Monday, February 11, 2008

Che Kung Temple (chē gōng miào) and the Power of Prayer

Saturday was the third day of the first lunar month of the Chinese New Year and traditionally it is the day worshippers flock to Sha Tin in Hong Kong to worship and pay respect to the famous and revered Generalissimo Che (or Che Kung). Legend had it that in the Song Dynasty there was a plague and many died. Che Kung was credited with making the plague disappear and saving the villagers and thus elevated to the “deity” status. This was alleged to have happened in the village of Jiu Yue. Villagers constructed a temple and started worshiping Che Kung’s image. Of all the temples in Hong Kong, the Che Kung Temple (chē gōng miào) in Sha Tin (New Territories) is the most famous. Inside the temple there is a brass fan-bladed pinwheel of fortune and word soon goes round that one can get good fortune by worshipping Che Kung and then turning this pin-wheel. The third day of the first lunar month is allegedly Che Kung’s birthday, when a large number of Hong Kong people make their annual “pilgrimage” to the Che Kung Temple and buy a replica pin-wheel of the temple to take away.

In The Cockroach Catcher, there is a story of how the prayers of a mother and her church group were believed to have brought about the recovery of a girl who was unconscious for 23 days.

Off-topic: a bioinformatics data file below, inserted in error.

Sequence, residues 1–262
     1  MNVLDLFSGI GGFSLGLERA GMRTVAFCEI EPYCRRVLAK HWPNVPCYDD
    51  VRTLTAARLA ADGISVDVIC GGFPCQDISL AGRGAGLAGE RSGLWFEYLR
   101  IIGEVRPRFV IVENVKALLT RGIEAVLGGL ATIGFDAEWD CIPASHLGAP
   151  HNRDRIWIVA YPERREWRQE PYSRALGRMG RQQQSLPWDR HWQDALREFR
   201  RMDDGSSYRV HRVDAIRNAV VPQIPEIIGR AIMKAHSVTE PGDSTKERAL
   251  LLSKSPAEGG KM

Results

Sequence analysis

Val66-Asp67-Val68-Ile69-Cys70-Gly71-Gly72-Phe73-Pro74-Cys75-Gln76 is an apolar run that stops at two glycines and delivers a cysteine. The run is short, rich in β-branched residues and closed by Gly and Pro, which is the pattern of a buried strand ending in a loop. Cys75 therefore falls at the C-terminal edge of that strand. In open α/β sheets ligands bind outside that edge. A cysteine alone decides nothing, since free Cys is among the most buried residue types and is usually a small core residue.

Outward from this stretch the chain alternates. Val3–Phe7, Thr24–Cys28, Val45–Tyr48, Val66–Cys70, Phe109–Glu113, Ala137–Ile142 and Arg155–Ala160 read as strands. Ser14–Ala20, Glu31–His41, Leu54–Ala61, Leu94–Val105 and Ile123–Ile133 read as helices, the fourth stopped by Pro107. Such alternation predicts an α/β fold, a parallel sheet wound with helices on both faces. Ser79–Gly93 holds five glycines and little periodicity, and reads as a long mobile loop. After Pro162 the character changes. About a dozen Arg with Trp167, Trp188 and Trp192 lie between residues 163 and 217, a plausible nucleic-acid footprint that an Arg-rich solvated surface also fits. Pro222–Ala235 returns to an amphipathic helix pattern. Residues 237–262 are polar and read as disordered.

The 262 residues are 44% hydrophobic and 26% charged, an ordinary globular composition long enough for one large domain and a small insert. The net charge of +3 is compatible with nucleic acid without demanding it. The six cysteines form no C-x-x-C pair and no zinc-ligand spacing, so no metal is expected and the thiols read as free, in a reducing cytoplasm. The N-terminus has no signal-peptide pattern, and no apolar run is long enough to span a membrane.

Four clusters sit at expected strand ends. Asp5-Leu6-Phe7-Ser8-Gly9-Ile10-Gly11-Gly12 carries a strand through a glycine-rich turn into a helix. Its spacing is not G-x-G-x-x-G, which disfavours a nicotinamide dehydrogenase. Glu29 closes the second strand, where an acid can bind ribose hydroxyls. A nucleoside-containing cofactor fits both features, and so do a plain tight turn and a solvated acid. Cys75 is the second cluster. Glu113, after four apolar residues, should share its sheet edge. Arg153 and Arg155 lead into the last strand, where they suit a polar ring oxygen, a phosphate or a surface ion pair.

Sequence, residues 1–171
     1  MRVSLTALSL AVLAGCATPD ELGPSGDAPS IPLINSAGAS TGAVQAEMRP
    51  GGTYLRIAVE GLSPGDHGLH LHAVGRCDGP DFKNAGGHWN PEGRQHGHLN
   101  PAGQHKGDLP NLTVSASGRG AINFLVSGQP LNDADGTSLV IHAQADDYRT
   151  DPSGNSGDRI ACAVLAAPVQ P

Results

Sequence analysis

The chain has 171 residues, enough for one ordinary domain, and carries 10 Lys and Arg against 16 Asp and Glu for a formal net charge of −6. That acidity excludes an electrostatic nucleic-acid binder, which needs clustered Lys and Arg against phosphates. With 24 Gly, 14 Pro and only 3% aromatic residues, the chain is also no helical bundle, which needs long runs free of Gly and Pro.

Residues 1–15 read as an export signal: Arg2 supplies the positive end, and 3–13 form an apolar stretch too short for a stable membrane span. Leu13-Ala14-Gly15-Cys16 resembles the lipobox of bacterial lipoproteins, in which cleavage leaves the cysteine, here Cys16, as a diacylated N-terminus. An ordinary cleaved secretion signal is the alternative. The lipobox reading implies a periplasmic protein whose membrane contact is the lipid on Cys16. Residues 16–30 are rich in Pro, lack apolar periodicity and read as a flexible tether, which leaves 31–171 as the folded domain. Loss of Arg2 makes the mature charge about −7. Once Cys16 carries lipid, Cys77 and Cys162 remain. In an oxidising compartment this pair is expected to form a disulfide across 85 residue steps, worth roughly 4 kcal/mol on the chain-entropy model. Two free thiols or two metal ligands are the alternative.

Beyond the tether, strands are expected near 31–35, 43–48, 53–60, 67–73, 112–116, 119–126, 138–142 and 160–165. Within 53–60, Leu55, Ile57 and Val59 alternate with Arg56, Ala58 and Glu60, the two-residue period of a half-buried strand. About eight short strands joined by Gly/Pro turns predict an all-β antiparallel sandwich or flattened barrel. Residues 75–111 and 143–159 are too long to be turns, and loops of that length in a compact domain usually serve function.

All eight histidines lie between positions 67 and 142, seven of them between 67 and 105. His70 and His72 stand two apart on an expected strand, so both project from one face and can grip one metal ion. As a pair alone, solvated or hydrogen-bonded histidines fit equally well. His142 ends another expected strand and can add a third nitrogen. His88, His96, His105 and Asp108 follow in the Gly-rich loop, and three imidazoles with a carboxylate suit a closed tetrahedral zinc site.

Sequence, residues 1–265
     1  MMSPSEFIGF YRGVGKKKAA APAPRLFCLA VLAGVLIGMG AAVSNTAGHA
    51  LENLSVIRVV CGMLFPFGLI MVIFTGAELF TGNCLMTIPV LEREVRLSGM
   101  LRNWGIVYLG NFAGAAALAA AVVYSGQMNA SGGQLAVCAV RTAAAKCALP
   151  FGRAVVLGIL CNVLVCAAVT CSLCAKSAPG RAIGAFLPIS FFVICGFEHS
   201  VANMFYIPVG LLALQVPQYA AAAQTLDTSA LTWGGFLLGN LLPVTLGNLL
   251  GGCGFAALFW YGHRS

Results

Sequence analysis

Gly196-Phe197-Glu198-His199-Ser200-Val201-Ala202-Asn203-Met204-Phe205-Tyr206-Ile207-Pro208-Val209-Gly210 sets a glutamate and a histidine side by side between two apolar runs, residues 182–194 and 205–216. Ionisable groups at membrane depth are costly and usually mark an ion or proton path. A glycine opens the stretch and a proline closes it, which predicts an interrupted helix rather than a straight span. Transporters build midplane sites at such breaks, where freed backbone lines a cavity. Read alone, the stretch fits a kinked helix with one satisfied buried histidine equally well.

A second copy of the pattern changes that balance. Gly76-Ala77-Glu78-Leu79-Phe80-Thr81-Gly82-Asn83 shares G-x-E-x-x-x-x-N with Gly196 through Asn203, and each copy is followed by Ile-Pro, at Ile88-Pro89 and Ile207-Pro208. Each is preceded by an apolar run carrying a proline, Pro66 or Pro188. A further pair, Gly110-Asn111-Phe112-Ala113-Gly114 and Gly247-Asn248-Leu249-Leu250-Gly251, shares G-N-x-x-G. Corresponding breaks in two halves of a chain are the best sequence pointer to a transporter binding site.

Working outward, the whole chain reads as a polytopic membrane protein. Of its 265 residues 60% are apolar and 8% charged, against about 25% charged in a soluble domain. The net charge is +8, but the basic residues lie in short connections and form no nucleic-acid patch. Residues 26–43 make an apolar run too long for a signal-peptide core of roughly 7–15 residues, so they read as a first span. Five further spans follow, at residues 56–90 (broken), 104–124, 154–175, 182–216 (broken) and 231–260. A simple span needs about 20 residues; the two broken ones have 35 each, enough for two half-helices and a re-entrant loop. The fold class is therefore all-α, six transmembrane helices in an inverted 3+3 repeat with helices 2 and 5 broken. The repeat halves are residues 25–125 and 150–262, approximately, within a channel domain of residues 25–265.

“……There was now a candlelight vigil at the church and it was hoped that there would always be a lit candle until she came home. The story was in the local paper and radio. Faith was now on field test if not on trial. The doctors were not. They had done their best.

On the 10th day the ventilator came off, and she was able to breathe without support.

They then started a vigil in the girl’s home.

By the 23rd day, as my optimism was about to give in, word came from the hospital that she became conscious. It became big news in the papers……”

Whether the plague in the Song Dynasty disappeared when quorum (quorum sensing) was not reached and whether this girl recovered as they do from viral encephalitis spontaneously, people will believe in what they would like to believe. Science cannot offer 100% explanation on everything and as long as that is the case people will choose to believe in what they would like to believe.

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